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· August, 2019

Stories about Citizen Media from August, 2019

Rendition of Trinidad & Tobago's national anthem strikes wrong note with the country's president

The performance of the anthem may have been different, but was it inappropriate, or as the president suggested, disrespectful?

Interview with Erick Huerta, a researcher helping to bring internet access to indigenous communities in Mexico

A project to build and strengthen the communication and technological autonomy of indigenous peoples and communities.

Moscow’s revolution will be memed, online and on canvas

An anonymous RuNet user has a found a creative way to criticise recent police violence in Moscow: photoshopping riot police into dozens of famous Russian and foreign artworks.

Videoblogging shaman walks to Moscow to ‘exorcise’ Putin

The 51-year old Yakut shaman calls his quest divinely ordained, insisting that Putin is a manifestation of dark forces which must be banished to save Russia from ruin.

Trinidad & Tobago split over whether services like Facebook should pay local taxes

Global digital giants pose a serious challenge to local media and their ability to earn revenue, especially in small markets like Trinidad and Tobago.

Reducing carbon footprint and waste generation is the need of the hour, says Indian environmentalist

Global Voices talked with lawyer and environmentalist Afroz Shah, prominently known for launching the world's largest beach clean-up drive in India's financial capital, Mumbai.

As a top government official is arrested in Trinidad & Tobago, the corruption debate rages

Why was McDonald fired and reappointed so many times? Does Trinidad and Tobago have a culture of enabling corruption? The minister's arrest has prompted a wider debate.

In São Paulo’s outskirts, mothers’ face challenges to access ‘humanized childbirth’

Obstetric violence, absence of birth centres, professionals without training in humanised delivery: how can women have a safe and humanised birth in the outskirts of Brazil's biggest city?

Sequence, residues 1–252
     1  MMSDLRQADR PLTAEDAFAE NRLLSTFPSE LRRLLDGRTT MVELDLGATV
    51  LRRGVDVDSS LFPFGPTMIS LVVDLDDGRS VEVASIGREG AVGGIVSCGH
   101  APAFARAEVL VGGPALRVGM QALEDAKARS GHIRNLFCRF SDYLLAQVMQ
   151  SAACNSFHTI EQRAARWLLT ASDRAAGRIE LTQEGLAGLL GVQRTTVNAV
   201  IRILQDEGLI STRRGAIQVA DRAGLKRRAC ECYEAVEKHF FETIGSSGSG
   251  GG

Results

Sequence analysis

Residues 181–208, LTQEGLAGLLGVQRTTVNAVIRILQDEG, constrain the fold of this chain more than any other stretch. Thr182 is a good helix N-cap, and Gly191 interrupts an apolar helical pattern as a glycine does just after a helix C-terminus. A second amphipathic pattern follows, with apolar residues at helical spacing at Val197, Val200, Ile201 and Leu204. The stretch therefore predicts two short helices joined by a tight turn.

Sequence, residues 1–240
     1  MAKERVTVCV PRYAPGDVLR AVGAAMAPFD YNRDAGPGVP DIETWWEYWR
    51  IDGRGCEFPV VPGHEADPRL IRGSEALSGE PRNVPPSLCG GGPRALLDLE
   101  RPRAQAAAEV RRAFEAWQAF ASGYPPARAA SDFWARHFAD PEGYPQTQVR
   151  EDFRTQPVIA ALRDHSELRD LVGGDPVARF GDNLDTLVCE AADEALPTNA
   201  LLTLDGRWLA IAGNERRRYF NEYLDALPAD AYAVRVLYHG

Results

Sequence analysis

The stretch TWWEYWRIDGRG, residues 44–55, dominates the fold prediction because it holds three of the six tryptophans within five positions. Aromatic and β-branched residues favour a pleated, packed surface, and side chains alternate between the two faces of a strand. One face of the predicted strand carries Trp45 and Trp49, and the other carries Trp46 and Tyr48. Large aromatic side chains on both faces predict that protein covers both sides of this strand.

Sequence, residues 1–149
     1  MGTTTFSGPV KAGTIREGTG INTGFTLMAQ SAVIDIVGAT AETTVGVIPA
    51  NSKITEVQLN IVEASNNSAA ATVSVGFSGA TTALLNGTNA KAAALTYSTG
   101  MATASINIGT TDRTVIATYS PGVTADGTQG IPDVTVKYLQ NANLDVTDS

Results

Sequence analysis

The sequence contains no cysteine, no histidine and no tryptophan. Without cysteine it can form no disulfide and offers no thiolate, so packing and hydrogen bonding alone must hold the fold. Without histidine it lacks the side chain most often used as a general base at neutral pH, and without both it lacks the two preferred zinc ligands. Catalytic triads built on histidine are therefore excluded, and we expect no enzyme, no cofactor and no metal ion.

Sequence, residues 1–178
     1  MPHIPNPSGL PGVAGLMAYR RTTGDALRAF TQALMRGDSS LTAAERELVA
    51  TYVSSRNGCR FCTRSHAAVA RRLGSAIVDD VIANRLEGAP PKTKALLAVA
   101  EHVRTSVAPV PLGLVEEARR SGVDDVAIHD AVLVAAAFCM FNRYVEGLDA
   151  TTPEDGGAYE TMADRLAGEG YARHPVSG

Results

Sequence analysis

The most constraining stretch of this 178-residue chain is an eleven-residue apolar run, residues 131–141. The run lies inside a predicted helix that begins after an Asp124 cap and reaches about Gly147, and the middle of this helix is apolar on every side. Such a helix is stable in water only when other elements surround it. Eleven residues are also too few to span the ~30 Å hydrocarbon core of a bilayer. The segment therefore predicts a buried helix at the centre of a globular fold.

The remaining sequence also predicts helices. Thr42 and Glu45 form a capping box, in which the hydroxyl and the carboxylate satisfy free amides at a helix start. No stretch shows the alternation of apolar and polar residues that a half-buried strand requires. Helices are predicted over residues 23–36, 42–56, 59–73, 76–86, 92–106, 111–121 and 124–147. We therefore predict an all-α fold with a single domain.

Pakistan's government suspends relations with India in show of solidarity with Kashmiris

After Narendra Modi's government in India scrapped Article 370, many Pakistanis asked the ruling party to take action.

Here are some of Moldovan pop music's contributions to global meme culture

Few people remember this, but two popular memes known around the world are actually Moldovan in origin.

Indian government asks Twitter to remove accounts ‘spreading rumours’ about Kashmir

With the communication blackout inside Kashmir, netizens elsewhere resorted to Twitter to speak out against India's revocation of the region's autonomous status.

Indian-administered Kashmir is like an ‘open prison’, says observers

"What is happening in Kashmir is 'normal' in the sense that state-backed violence, deceit and lies, gag on civilian voices, and govt propaganda have always been a 'normal' in Kashmir."

Oral historians and archivists fill in the record of the 1947 partition of India

Historians are working on getting the remaining survivors of the Partition to recall the events so their stories can be preserved.

A Brazilian journalist uses deepfake to make political satire

"They are not made to forge a reality, but a certain situation, with humour and in a critical way."

Talking trash: Lebanese citizens continue to mobilize to solve the garbage crisis

A solution for Lebanon’s garbage problem is yet to be made after the government held off on a decision to build incinerators during talks that took place within Beirut.

Tokyo Interlopers provides a glimpse of life in Japan from a foreign perspective

The full archive of Tokyo Interlopers profiles provides a fascinating glimpse of life in the Japanese metropolis from a foreign perspective.

In Ethiopia, disinformation spreads through Facebook live as political tensions rise

Online conspiracy theories, political rants and rumors laced with communal hatred are now common genres in Ethiopian social media.

Tanzanian journalist faces trumped-up charges after abduction and detention

Freelance ournalist Erick Kabendera has written critically of Tanzanian President John Magufuli's increasingly repressive administration. Yesterday, authorities charged him with economic crimes, but critics say his only "crime" is journalism.

Algeria: A victory on the pitch and in the streets

Algeria's footballers win the Africa Cup of Nations in Egypt, and inspire protesters calling for political change at home.

Security forces in Guinea now have the right to use deadly force

Human rights and opposition groups fear the law could be used to grant impunity and target dissent ahead of 2020 elections when President Alpha Condé will seek a third term. 

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